1. Introduction to the 34970A Instrument DriverAn instrument driver is a set of software routines that control a programmable instrument. Thousands of instrument drivers, including the driver for the Agilent 34970A, are available for free download from ni.com.
Instrument drivers utilize a set of commands provided by the instrument vendor to communicate with the instrument, often through GPIB, Serial, Ethernet, or USB. Each routine that composes the driver corresponds to a programmatic operation such as configuring, reading from, writing to, or triggering the instrument. Instrument drivers simplify control and reduce test program development time by eliminating the need to learn the unique programming and communication protocol for the instrument.
LabVIEW itself is a graphical development environment for creating flexible and scalable test, measurement, and control applications rapidly and at minimal cost. Unlike other programming environments, all programming in LabVIEW is done graphically through intuitive flowchart-style coding and functional blocks. Hundreds of functional blocks for analysis, signal processing, and mathematics are built-in to the environment, making LabVIEW a smart choice for manipulating raw data collected with the 34970A. With LabVIEW, application development is fast and easy for all users, regardless of experience.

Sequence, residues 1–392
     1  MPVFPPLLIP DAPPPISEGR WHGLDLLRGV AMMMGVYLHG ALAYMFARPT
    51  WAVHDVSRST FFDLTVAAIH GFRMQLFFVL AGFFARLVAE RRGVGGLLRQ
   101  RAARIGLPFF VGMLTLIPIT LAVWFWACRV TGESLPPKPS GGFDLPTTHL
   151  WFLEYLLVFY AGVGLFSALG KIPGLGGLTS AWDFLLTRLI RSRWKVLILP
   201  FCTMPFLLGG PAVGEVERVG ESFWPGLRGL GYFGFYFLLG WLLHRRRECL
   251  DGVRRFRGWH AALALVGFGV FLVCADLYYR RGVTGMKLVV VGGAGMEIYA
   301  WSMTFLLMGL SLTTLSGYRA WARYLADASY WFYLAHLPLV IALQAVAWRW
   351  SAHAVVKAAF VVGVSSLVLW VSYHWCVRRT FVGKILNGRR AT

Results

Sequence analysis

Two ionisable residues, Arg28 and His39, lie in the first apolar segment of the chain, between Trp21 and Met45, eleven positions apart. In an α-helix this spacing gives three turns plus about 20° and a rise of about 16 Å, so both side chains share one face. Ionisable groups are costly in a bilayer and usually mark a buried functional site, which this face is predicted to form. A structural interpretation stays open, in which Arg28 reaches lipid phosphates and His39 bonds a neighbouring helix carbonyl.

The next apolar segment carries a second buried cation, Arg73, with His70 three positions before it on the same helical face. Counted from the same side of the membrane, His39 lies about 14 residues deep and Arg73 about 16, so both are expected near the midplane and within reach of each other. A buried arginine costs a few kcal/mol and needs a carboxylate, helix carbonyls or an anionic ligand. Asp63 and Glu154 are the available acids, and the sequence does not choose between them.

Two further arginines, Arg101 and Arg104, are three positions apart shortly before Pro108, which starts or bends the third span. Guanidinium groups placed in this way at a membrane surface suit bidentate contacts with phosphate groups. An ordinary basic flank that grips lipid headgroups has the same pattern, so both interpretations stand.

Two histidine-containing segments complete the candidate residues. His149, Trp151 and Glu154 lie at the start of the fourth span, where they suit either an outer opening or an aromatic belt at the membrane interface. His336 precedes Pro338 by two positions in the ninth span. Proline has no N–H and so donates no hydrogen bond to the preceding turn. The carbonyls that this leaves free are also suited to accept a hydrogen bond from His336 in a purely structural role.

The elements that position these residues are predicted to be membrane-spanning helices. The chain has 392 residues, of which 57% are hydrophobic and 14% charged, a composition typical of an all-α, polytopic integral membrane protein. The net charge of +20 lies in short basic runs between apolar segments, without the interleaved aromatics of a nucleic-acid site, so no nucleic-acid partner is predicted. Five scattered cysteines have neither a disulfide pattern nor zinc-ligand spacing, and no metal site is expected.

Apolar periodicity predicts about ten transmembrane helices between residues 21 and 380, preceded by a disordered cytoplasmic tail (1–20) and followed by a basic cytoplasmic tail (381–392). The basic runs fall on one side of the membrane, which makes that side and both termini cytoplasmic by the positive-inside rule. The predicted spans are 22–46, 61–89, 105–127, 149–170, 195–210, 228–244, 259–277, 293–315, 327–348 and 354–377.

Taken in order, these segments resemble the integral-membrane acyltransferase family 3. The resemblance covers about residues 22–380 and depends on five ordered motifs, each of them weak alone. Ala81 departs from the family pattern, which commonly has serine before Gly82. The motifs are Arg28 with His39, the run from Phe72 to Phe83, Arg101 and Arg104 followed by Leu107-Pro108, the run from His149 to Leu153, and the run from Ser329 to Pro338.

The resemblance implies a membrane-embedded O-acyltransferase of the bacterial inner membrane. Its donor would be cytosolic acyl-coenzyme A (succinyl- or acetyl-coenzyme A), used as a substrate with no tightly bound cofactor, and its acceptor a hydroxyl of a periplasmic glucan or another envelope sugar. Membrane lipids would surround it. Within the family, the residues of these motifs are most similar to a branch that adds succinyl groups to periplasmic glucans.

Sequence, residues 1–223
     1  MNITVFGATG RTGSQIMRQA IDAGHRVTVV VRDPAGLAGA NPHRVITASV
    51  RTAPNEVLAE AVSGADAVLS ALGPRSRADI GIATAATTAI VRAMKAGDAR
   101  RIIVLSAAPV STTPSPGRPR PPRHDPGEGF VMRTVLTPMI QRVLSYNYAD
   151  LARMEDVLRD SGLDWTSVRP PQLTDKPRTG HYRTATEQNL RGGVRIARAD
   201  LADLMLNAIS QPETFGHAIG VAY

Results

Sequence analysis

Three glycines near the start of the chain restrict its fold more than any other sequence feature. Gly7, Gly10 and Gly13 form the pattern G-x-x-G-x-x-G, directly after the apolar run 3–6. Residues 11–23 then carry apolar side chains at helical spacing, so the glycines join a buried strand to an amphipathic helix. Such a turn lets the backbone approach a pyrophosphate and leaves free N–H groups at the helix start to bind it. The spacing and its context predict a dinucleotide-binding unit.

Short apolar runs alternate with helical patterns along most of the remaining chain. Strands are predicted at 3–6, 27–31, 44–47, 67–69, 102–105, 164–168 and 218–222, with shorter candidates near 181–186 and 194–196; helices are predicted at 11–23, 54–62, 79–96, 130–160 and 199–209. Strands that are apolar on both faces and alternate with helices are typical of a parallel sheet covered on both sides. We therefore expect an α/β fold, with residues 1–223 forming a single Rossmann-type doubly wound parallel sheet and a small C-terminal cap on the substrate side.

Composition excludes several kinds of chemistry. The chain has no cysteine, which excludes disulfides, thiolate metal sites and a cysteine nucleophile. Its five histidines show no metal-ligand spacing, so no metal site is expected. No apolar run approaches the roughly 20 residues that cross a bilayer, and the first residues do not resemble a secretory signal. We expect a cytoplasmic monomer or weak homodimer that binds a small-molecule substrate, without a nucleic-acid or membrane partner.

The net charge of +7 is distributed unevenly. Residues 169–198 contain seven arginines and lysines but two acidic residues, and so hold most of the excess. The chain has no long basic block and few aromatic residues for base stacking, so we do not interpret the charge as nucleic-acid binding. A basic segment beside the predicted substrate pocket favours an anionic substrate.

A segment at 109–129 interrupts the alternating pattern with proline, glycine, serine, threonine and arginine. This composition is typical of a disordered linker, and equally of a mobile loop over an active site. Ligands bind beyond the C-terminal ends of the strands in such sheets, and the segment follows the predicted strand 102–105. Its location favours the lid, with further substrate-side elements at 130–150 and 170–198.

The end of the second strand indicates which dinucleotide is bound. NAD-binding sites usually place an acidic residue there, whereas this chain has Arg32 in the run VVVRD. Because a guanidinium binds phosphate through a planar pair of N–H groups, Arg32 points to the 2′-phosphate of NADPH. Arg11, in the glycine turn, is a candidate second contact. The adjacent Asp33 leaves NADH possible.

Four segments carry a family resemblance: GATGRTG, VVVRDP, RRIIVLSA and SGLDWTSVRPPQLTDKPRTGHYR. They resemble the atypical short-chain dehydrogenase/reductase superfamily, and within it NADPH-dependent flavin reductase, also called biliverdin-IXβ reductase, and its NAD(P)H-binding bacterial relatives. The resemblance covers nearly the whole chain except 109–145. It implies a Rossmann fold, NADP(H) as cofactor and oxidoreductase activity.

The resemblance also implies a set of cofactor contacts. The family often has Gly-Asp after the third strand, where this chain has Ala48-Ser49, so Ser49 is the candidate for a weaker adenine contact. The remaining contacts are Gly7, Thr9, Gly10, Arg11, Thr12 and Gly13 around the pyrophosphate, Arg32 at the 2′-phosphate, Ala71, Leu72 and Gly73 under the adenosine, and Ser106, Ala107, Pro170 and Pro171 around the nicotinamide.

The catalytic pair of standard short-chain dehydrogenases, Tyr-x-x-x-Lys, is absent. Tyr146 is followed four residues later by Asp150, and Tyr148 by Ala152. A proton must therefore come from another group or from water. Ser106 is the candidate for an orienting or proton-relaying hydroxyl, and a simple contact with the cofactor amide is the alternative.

The LabVIEW instrument driver for the 34970A features six ready-to-run example programs. Of course, using the ready-to-run examples requires no LabVIEW coding. The driver also includes a full set of functional building blocks that can be used to create a completely custom 34970A application in LabVIEW.
2. Using the Instrument Driver Examples in LabVIEW
The most straightforward way to take advantage of the LabVIEW instrument driver is to run the example programs, which require only basic user configuration. Figure 1 shows the graphical user interface of one of the 34970A example programs, used to control the 34904A matrix switch module. To run this example, the user first sets the GPIB or serial communication parameters. Then, with the example running, the user can toggle any LED in the array to open or close a matrix cross point on the 34904A module.